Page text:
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General News
Immigrants Becoming U.S. Citizens at High Rate 4/3/2007
Legal immigrants in the United States have opted to become American citizens in historically high numbers in the last decade, according to a study published yesterday by the Pew Hispanic Center.

The number of naturalized citizens in the United States population in 2005 was 12.8 million, a record high, the study found. The number reflected not only a growing number of legal immigrants coming to the United States, but also a growing eagerness among them to adopt American citizenship, the study reported.

Of all the immigrants now living legally in the United States, 52 percent are naturalized citizens, while others are permanent residents or have some other immigration status. The last time that citizens made up more than half of all legal immigrants was in 1980, the study found.

The research, which is based primarily on census data, was done by Jeffrey S. Passel, a demographer at the Pew center, a nonpartisan organization based in Washington.

“It is clear that today’s legal immigrants are signing on to a closer relationship with the U.S. than was the case a decade or two ago,” Mr. Passel concluded.

For the first time, European immigrants are no longer the largest group of those who choose to become citizens, according to the study. Over the past decade, they were outnumbered by new citizens who came originally from Latin America or Asia. In the decade before 2005 (the last date when figures were available), nearly 2.4 million immigrants from Latin America became citizens, more than from any other region, the study found.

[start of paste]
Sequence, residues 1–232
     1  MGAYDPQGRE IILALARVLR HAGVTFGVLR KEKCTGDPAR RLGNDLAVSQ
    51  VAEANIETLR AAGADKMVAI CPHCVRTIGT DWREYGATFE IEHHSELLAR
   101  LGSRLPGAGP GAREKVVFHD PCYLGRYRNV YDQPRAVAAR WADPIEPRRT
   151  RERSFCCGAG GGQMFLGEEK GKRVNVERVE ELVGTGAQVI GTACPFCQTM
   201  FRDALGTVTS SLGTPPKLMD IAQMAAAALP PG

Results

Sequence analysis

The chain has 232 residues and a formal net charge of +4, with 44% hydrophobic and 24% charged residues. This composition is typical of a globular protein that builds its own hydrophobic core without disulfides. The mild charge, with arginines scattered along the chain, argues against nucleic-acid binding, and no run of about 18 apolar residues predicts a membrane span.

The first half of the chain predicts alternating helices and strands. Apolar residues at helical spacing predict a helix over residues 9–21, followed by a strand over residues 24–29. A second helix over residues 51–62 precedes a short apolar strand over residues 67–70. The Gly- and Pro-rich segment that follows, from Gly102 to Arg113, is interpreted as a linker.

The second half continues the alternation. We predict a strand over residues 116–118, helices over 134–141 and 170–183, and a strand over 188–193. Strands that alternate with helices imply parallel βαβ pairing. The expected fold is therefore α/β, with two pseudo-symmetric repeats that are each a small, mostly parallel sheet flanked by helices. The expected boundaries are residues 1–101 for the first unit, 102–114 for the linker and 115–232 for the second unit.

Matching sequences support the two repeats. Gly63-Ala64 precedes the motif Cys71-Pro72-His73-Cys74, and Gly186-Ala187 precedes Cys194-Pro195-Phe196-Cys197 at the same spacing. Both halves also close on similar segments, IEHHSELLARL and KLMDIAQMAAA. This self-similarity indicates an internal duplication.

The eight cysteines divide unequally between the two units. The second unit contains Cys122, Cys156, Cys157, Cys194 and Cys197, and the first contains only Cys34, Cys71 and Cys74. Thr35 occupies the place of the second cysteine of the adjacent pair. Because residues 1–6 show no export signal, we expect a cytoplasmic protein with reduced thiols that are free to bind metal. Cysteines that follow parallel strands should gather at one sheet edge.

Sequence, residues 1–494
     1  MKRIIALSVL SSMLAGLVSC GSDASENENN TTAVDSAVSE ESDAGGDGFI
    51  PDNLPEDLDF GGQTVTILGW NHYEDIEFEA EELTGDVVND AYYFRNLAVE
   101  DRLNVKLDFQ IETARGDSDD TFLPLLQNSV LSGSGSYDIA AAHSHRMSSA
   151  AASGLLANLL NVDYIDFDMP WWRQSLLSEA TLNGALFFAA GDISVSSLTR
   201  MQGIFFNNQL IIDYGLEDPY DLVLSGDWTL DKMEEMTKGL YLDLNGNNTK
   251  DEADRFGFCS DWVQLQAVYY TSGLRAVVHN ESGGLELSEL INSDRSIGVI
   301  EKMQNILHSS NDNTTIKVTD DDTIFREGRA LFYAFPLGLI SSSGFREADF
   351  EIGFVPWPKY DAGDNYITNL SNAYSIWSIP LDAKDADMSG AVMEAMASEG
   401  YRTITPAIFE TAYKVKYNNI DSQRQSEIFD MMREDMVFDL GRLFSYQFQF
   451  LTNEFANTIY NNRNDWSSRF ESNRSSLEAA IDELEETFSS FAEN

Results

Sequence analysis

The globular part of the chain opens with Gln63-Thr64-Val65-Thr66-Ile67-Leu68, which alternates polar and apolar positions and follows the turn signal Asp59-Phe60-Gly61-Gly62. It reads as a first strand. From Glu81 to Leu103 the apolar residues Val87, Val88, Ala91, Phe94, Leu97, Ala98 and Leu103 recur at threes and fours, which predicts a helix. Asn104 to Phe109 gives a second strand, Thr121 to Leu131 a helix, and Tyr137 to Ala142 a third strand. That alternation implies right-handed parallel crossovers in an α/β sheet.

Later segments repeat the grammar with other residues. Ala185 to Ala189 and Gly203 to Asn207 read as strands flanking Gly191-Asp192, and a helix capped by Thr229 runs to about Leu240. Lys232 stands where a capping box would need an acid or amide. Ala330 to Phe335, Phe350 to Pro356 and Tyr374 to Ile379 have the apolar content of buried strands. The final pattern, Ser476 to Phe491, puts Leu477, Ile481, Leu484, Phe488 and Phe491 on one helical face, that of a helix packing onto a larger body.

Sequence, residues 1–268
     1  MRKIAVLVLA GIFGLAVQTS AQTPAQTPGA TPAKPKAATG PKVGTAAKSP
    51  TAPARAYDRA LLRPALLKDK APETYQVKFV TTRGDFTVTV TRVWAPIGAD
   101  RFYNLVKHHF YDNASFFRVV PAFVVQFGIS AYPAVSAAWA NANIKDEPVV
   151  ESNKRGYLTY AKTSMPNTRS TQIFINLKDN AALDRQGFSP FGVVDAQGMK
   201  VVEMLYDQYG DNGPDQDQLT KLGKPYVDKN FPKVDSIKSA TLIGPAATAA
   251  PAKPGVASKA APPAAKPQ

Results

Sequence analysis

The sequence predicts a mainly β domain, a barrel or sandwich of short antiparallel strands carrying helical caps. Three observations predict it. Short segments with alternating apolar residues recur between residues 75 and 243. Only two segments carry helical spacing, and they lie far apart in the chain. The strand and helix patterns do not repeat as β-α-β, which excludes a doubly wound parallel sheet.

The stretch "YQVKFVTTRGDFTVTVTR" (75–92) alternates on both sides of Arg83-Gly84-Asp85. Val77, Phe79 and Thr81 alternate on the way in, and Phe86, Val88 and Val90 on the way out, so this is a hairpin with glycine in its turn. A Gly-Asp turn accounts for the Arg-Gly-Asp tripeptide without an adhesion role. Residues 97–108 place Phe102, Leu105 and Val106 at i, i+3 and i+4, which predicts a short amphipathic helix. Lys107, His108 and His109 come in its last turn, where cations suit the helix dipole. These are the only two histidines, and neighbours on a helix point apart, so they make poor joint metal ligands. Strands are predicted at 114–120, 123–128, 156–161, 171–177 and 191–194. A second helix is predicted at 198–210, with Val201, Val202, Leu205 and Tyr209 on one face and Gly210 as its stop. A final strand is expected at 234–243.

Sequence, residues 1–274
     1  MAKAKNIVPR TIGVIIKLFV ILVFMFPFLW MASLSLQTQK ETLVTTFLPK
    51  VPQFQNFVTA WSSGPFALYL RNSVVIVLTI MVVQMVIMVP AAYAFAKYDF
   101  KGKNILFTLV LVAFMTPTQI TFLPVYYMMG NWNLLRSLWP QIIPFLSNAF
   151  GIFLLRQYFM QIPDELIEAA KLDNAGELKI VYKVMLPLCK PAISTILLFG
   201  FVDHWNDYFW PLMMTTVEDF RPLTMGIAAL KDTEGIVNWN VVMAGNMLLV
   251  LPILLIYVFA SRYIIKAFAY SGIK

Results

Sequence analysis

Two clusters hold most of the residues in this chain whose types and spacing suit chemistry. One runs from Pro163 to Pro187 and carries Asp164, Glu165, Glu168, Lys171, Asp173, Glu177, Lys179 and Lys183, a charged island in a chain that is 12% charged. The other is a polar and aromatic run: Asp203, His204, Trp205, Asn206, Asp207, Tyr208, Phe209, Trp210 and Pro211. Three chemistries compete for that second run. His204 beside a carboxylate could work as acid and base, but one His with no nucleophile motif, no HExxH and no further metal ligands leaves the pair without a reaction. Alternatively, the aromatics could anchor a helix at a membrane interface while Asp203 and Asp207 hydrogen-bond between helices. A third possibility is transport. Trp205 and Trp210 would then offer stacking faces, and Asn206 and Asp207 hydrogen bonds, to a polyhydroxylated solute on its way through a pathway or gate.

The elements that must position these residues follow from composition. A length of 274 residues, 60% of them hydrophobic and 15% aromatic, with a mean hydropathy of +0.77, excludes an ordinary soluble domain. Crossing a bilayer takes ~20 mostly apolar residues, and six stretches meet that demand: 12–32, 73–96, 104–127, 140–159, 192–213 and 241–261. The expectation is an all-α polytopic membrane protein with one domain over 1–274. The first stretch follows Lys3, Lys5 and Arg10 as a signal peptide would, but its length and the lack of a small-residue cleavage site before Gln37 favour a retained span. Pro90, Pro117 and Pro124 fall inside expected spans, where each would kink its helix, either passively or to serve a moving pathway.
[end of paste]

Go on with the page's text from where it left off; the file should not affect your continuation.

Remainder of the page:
The willingness of recent immigrants to integrate into American society has been hotly debated as Congress has grappled with changes to the immigration system. To become citizens, legal immigrants must be over 18 and show they have lived continuously in the United States for five years. They have to pass background and health checks, as well as tests to show that they speak basic English and have a minimum knowledge of American laws and history.

There is no limit on the number of eligible immigrants who can become citizens, gaining the right to vote and ensuring they can never be deported. Illegal immigrants, estimated to number about 12 million people, are not eligible to apply for citizenship.

While the number of legal immigrants in the United States increased by 30 percent in the decade after 1995, the study found, the number of naturalized American citizens climbed by 73 percent.

“Ultimately people do want to become full members of the society, and these numbers show that it is happening,” said Doris Meissner, a senior fellow at the Migration Policy Institute, a nonpartisan center in Washington. Ms. Meissner was commissioner of what was then the Immigration and Naturalization Service for seven years in the Clinton administration.

Mexicans showed the biggest increase in naturalizations over the decade, with the number of Mexican immigrants who became citizens increasing by 144 percent. But Mexicans are still less likely to become citizens than many other immigrant groups, the study found.

The report does not explain why naturalization rates have increased. Ms. Meissner said the intensifying political debate, in which many groups have called for deporting illegal immigrants, was a factor. “We know that when immigrants feel threatened, and they feel they might be in danger of losing rights of one kind or another, they are more likely to pursue citizenship,” she said.

Source:
.nytimes.com

 
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